Effects of summer microclimates on behavior of lions and tigers in zoos
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The surrounding thermal environment has a direct influence on the well-being of an animal. However, few studies have investigated the microclimatic conditions that result from outdoor zoo enclosure designs and whether this affects where animals choose to spend time. Two African lions (Panthera leo) and two Siberian/Amur tigers (Panthera tigris altaica) were observed for a total of 18 full days during the summer and fall of 2009. Their activities and locations were recorded to the nearest minute of each test day. Simultaneous on-site microclimate measurements were taken of air temperature, relative humidity, solar radiation, and wind. Observations indicated that the locations where the animals chose to spend time were influenced by the microclimatic conditions. All subjects spent more time in the shade on their sunny warm days than on other days and differed from one another in their choice of shade source on all days. Temperature-comparable sunny and cloudy days showed a greater use of sun on the cloudy days. Species-specific differences between the lions (whose native habitat is hot) and the tigers (whose native habitat is temperate with cold winters) were observed with the tigers displaying more cooling behaviors than the lions in terms of solar radiation input and evaporative heat loss. The tigers were also more active than the lions. The results of this study provide new insight into how lions and tigers respond to microclimatic conditions in a captive environment.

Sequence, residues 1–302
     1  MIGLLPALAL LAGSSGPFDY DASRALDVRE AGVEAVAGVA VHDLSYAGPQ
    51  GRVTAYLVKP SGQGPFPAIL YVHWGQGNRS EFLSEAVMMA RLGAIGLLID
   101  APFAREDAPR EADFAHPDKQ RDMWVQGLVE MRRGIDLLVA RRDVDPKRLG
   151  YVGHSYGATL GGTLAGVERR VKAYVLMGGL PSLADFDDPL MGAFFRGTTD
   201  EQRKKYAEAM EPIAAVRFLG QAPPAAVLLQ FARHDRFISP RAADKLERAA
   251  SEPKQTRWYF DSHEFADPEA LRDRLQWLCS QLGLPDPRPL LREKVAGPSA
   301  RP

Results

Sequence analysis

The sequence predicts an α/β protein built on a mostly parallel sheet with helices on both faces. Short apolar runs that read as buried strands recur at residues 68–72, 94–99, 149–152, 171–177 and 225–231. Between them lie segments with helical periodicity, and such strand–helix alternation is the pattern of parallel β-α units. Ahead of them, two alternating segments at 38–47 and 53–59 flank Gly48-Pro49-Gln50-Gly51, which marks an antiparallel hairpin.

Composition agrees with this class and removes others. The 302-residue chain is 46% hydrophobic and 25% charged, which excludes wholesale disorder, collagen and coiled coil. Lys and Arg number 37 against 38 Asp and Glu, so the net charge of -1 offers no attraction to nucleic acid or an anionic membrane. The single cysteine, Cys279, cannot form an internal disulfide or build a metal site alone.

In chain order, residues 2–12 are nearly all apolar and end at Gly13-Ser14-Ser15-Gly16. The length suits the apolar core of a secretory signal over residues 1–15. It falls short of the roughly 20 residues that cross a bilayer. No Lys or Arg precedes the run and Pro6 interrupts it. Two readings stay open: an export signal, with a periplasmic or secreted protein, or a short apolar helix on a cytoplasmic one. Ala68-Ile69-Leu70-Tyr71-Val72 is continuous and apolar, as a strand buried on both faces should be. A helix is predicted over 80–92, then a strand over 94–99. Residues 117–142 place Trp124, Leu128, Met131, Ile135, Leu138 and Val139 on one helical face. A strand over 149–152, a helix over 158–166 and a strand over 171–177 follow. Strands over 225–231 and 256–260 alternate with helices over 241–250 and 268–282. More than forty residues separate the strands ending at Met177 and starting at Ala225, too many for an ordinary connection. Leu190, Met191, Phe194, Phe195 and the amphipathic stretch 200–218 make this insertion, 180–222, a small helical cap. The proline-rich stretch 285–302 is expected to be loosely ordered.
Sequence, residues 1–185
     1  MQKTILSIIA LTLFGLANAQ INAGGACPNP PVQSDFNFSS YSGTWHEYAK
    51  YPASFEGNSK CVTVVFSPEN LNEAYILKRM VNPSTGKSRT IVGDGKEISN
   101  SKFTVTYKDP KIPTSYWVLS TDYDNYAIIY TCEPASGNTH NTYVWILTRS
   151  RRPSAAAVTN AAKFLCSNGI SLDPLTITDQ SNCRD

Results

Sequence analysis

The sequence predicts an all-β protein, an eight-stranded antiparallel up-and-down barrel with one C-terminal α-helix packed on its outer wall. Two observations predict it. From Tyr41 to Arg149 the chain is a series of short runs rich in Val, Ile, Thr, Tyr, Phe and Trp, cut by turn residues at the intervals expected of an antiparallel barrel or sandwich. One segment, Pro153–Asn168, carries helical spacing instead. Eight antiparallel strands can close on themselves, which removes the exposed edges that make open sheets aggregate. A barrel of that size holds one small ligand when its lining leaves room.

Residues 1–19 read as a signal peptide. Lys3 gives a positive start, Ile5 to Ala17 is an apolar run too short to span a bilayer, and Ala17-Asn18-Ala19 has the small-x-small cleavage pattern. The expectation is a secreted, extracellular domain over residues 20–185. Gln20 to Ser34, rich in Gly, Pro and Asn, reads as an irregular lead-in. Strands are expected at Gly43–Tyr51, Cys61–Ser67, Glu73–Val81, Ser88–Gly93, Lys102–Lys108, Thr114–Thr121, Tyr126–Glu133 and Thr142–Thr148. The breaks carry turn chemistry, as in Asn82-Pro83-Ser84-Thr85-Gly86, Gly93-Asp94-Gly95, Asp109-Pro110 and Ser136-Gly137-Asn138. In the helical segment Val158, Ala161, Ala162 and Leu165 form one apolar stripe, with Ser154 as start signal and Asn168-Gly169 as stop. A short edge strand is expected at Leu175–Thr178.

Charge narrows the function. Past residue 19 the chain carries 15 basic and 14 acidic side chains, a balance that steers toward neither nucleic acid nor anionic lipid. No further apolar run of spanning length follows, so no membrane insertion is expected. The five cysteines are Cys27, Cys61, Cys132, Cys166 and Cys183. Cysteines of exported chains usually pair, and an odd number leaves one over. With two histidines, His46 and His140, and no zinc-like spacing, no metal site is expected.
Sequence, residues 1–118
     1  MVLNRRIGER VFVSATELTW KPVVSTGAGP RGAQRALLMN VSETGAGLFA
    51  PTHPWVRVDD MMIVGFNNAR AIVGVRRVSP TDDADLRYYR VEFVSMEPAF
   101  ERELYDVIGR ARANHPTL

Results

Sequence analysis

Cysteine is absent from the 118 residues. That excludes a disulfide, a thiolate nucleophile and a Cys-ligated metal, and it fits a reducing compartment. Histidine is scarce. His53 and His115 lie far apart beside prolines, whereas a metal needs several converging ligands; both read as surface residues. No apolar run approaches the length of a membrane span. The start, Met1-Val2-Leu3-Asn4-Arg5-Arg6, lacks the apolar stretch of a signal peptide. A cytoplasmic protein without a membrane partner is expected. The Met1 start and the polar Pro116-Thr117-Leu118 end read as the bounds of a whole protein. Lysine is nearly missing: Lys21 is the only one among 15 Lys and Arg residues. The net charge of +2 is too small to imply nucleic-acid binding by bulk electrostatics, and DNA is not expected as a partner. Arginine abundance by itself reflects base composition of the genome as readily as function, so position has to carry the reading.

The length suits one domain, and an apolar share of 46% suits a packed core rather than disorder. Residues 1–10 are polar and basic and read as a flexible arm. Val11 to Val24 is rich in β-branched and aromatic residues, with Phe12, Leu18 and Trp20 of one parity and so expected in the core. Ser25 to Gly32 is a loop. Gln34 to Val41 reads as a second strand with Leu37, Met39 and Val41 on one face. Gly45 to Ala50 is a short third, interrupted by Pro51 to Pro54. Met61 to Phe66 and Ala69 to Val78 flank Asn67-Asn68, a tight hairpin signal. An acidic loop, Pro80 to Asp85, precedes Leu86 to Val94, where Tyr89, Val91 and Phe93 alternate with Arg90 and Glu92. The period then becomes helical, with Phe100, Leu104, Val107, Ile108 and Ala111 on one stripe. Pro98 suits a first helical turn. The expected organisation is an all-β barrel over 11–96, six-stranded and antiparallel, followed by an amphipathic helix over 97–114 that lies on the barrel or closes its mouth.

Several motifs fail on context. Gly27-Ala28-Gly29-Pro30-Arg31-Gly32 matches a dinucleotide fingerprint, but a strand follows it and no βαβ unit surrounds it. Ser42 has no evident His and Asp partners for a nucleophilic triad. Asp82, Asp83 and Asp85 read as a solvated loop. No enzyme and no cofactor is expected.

author list (cited authors)
Young, T., Finegan, E., & Brown, R. D.